Cook – Lassen – Dallas – West
1. Received hostile fire throughout search and rescue
2. Darkness and unknown terrain
3. Survivors were on a hill surrounded by tall trees and dense vegetation
4. Unable to converse with survivors while their PRC-63 was on beeper
5. Unable to detect strobe light due to vegetation
1. Magnesium 38 caliber tracers proved to be excellent means of location survivors in dense jungle
2. Pilots should be instructed, to only transmit when requested
3. For any night land rescue, RESCAP should carry an abundant supply of illumination flares
(Rescue Report) GENERAL;
The support from RESCAP in vectoring us to the survivors, steering us around the flack and SAM sites, dropping flares right on target each time, and the morale support they gave us in just showing they were there was a definite contributing factor which made the rescue a success.
We were feet dry for 58 minutes, for approximately 50 minutes we were receiv¬ing heavy but inaccurate small arms and automatic weapons fire. I contribute our stroke of good luck at not being hit to the overcast dark night. We were flying without lights and did not give our position away by random firing. I believe the VC were firing at the sound of the helo but could not see our position. I do not believe this rescue could have been performed during the daylight because of the populated area in which the survivors landed and the heavy concentration of small arms in the area.
The training we received at HELSUPPRON SEVEN, the specialized combat air crew ¬pilot training at Cubi, the team work of each individual and the hours spent in night proficiency training prior to deploying made the rescue a comparatively smooth operation.
STATEMENT OF LTJG C.E. LASSEN, PILOT OF CLEMENTINE TWO
On 19 June, I was the pilot of Clem TWO with LTJG Cook co-pilot, AE2 Dallas and ADJ3 West as aircrewmen. We were operating from South SAR aboard USS PREBLE.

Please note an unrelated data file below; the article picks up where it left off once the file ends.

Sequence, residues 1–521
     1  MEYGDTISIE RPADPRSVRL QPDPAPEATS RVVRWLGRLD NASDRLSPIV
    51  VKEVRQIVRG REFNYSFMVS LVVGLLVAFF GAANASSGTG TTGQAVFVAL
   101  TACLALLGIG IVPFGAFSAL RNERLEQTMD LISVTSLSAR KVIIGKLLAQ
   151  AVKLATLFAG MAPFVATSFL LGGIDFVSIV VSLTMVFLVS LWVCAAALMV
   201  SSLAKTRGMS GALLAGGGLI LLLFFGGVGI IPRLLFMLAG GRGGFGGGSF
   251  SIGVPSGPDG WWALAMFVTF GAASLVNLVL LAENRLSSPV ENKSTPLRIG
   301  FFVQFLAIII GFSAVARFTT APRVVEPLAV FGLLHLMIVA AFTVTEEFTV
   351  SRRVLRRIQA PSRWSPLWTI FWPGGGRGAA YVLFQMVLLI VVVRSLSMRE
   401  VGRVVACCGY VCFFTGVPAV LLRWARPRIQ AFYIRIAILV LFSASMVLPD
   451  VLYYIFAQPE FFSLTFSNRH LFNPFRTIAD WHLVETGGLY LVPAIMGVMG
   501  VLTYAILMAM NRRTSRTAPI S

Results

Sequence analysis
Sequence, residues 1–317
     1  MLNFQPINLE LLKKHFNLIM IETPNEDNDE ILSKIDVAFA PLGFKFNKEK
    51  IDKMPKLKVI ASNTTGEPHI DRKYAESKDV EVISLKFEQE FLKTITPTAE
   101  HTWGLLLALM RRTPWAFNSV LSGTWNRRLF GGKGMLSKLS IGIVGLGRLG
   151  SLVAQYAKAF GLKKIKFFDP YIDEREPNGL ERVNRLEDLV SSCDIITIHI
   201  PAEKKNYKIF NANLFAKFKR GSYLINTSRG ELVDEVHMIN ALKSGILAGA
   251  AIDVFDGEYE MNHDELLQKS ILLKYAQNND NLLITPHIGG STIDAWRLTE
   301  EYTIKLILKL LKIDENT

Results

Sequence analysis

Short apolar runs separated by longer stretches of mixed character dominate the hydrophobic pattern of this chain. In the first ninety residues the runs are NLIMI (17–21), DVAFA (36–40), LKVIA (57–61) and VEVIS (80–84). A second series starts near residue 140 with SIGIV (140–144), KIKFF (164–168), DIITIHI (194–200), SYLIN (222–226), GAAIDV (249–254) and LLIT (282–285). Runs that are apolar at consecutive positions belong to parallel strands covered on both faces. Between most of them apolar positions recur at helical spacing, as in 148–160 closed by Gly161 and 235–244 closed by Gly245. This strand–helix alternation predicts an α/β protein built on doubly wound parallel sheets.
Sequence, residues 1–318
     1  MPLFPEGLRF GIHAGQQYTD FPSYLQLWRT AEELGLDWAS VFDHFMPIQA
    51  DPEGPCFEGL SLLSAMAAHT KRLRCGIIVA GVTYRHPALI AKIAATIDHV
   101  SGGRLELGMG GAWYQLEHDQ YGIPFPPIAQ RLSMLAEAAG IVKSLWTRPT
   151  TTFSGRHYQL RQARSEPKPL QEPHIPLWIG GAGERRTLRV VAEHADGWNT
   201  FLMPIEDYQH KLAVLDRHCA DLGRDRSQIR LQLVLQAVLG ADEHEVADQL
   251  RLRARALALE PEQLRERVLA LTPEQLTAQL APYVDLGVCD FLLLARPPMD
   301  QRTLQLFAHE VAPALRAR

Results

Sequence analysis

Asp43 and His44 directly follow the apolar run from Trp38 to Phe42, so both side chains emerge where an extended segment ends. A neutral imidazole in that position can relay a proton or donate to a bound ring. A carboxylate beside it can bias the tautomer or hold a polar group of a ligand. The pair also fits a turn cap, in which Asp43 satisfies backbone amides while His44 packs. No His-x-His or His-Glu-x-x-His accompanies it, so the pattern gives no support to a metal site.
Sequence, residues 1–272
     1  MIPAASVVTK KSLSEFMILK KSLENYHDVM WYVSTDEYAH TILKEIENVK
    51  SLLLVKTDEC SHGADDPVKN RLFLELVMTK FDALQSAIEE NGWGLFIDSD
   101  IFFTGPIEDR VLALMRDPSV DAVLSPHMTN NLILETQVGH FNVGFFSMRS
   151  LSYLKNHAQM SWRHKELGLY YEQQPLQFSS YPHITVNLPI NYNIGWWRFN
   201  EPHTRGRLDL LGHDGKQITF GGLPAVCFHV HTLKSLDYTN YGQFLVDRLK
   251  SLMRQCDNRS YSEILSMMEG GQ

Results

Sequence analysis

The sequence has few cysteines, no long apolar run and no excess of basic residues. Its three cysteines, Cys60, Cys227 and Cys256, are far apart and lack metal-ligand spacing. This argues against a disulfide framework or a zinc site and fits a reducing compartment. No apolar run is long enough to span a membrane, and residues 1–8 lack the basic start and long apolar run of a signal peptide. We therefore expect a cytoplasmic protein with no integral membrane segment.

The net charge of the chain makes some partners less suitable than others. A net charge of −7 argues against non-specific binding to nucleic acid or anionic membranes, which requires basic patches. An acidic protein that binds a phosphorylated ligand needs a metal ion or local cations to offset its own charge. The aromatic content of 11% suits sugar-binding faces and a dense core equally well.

At 0012 SAR alert was sounded, the halo was manned and we prepared to launch. We received information that an F-4 had been shot down by a SAM and the survivors position was about 60 miles from USS PREBLE, a half south of the 19th parallel and 20 miles inland.
We launched at 0022, were given a vector and handed off to USS JOUETT for control. We were instructed to intercept the 260 degree radial at 10 miles from JOUETT and enter holding. Shortly thereafter we were told that RESCAP had radio communications with the two survivors and a night overland rescue attempt was recommended. We were given a vector of 260 and altitude of 5000 for crossing the beach and we headed in.
We went feet dry and switched to UHF GUARD. After receiving several vectors around SAM and FLACK sites we spotted the flames from the wreckage. I commenced a high speed spiraling descent, leveled off at 1000’ and began a circling search of the area. With voice communications with the survivors and vectors from RESCAP we were able to find the survivors location without too much difficulty. The survivors stated that their strobe light was on and they could hear us directly overhead. We could occasionally catch glimpses of the strobe light but never long enough to pinpoint the position. We asked the survivors to fire a pistol flare, they did and we spotted their position.